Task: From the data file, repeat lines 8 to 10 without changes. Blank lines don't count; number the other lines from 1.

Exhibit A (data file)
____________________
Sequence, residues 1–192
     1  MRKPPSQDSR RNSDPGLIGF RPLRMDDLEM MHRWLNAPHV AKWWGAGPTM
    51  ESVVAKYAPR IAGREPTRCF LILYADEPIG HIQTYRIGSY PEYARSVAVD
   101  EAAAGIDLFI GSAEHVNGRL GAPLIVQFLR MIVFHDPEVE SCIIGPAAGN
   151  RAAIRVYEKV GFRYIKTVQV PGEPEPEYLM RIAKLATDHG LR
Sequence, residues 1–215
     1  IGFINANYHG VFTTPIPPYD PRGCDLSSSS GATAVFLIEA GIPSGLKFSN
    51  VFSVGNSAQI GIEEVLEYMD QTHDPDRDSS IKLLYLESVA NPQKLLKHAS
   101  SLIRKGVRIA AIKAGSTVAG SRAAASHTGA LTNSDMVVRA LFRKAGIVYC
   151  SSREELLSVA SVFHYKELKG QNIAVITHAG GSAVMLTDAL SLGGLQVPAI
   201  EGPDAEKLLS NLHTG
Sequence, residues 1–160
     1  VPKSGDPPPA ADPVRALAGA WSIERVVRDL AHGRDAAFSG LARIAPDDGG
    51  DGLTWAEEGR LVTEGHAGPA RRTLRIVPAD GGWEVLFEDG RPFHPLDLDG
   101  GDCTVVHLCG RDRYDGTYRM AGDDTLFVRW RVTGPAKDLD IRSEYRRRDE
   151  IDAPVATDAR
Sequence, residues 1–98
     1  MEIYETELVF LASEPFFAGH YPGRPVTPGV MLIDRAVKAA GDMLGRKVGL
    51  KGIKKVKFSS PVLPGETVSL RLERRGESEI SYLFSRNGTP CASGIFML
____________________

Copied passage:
    51  VFSVGNSAQI GIEEVLEYMD QTHDPDRDSS IKLLYLESVA NPQKLLKHAS
   101  SLIRKGVRIA AIKAGSTVAG SRAAASHTGA LTNSDMVVRA LFRKAGIVYC
   151  SSREELLSVA SVFHYKELKG QNIAVITHAG GSAVMLTDAL SLGGLQVPAI